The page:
Chevrolet Corvette Wheel Guide: Composite, Carbon Fiber, Forged, and Cast Aluminum

Aftermarket wheels are a great way to dress up your Chevrolet Corvette, but before buying your new wheels you should think about how these new wheels could impact the performance of your Vette. The method used to manufacture the wheel greatly impacts both the strength and the weight of the wheels, alterations that can affect the acceleration and handling of your Chevy V8.


Developments in composite technology have brought us wheels made out of carbon fiber, although these are still in relatively early stages of public introduction and the price of these wheels are astronomical. Also, critics feel that these fully carbon fiber wheels are too fragile for anything but a show car, so the market for these wheels is very small. The most common materials are aluminum alloy or steel, formed by either forging or casting the metal into molds.

Forging uses incredible heat and pressure to form a solid chunk of metal into the different shapes of the wheel. Due to the limitations in the forging process, forged wheels are often two or three piece units, either bolted or welded to make the final product. In most cases, a two piece wheel has a forged center section attached to a spun or stamped tire mounting surface and a three piece wheel uses a similar center section but the inner and outer tire surfaces of the rim are separate pieces attached to the forged center. This process causes a forged aluminum alloy wheel to be about 300 percent stronger than a similarly designed cast aluminum wheel. Along with being lighter, the means by which forged rims are assembled allow for a great deal more customization based on the customers’ needs. This process makes a lighter, stronger wheel that can aid in handling and acceleration, but you will pay more for the higher quality wheels. If you’re more concerned with performance than looks and low price, forged wheels are for you.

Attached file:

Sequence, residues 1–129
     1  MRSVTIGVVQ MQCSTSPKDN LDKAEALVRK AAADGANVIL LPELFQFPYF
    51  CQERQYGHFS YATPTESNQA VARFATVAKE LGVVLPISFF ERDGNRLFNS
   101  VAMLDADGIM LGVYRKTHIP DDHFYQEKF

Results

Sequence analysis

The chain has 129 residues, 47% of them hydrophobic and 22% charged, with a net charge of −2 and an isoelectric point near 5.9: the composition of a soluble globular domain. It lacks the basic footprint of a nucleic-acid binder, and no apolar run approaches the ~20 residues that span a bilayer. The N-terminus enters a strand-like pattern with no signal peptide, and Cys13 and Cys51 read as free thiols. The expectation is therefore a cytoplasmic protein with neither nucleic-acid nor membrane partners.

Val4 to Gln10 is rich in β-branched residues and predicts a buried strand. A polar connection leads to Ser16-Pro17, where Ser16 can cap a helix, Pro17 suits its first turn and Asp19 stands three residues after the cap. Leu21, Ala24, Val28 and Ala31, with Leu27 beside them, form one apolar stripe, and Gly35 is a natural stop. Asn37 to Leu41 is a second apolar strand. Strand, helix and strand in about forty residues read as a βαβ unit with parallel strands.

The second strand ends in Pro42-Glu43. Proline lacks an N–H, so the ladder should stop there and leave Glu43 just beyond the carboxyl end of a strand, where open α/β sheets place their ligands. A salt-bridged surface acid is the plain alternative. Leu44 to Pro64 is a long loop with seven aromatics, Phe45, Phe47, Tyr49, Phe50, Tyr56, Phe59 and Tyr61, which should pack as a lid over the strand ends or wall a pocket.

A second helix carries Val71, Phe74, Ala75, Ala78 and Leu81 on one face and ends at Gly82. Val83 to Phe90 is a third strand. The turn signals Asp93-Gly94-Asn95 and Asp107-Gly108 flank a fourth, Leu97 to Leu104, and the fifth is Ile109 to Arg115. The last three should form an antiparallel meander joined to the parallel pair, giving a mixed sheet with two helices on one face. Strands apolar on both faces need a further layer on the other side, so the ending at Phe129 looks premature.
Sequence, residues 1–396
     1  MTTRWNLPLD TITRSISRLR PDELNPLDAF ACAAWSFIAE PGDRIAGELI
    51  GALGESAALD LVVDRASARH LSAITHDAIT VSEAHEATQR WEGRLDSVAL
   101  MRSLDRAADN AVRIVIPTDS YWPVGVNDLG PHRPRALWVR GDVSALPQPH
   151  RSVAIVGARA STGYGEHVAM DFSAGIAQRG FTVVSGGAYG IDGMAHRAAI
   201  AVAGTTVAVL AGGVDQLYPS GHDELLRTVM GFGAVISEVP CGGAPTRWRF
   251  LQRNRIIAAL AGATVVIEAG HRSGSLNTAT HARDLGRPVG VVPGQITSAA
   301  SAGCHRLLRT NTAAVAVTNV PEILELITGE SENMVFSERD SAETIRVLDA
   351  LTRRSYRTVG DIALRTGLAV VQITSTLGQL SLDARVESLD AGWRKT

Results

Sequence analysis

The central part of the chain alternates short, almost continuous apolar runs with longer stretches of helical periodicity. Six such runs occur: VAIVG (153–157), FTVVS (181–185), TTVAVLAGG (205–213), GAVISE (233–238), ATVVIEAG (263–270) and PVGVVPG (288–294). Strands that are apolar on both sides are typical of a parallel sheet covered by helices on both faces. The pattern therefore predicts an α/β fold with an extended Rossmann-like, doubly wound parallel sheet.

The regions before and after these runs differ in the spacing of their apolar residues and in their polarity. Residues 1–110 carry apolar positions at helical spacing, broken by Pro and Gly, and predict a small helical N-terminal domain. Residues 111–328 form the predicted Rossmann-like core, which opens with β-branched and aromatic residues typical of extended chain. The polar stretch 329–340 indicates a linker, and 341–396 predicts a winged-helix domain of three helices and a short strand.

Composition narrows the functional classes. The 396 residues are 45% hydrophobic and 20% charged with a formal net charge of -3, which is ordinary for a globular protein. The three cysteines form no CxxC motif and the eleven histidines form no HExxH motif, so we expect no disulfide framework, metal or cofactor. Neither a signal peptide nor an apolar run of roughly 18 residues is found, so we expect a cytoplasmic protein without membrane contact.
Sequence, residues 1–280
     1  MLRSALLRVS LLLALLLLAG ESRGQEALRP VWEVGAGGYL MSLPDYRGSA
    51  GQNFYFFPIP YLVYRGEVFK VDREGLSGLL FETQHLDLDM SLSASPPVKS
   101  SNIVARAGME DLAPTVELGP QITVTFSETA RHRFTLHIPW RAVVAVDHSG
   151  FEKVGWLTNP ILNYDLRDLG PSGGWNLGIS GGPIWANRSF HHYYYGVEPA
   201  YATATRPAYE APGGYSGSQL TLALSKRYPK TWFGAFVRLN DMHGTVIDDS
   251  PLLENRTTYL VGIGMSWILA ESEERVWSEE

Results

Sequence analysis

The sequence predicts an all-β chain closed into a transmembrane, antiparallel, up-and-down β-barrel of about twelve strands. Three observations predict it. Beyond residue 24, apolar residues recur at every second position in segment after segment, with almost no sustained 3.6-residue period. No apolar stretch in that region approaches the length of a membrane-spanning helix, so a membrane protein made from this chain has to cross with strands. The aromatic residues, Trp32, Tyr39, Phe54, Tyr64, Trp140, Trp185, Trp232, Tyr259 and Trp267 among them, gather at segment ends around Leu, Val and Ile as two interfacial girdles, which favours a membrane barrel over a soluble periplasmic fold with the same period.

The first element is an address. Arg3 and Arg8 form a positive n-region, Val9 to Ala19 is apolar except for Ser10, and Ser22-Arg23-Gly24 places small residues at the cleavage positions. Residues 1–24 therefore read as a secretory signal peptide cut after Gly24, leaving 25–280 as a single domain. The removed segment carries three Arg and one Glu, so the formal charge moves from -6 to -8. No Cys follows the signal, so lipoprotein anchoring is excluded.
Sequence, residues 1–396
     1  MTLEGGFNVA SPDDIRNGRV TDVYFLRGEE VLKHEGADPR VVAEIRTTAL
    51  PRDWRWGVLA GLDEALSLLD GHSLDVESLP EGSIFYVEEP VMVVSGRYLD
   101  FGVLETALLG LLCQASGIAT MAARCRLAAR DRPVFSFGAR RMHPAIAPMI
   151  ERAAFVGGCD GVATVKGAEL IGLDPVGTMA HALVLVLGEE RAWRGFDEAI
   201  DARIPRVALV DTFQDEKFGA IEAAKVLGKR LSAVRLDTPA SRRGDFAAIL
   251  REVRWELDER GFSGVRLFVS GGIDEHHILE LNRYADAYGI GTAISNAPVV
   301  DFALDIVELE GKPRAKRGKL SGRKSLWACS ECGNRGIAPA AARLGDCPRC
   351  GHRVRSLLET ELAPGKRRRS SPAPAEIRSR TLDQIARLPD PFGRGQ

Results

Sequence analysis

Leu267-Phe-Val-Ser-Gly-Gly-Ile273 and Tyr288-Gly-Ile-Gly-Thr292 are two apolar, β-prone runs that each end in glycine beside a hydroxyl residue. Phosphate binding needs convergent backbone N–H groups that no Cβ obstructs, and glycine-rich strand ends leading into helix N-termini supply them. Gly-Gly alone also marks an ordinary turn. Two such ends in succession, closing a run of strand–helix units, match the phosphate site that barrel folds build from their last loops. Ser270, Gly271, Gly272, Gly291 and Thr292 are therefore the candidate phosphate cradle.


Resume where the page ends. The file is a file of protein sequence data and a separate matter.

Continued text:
Casting is the most cost effective means of using metal (aluminum alloy or steel) to produce strong wheels. There are two forms of casting, gravity casting and negative pressure casting. When a wheel is gravity cast, molten metal is poured into a mold and left to cool, and when the wheel is removed from the mold there is very little finishing to do – unlike most forged wheels that have to be assembled after they are formed. Negative pressure casting is done by using a high pressure vacuum system to “suck” the molten metal upwards into the mold. This process allows the cast wheel to be stronger as the product is less porous than a wheel made by gravity casting. These wheels can be every bit as strong as the forged wheels, but cast wheels are often made thicker and heavier to make sure they are strong enough. This added weight can negatively impact handling and acceleration, as it takes more power to turn the wheels, but these wheels are almost always less expensive and offer more selection, so if youre more worried about “show” than “go”, cast wheels make for a great way to customize and save some money.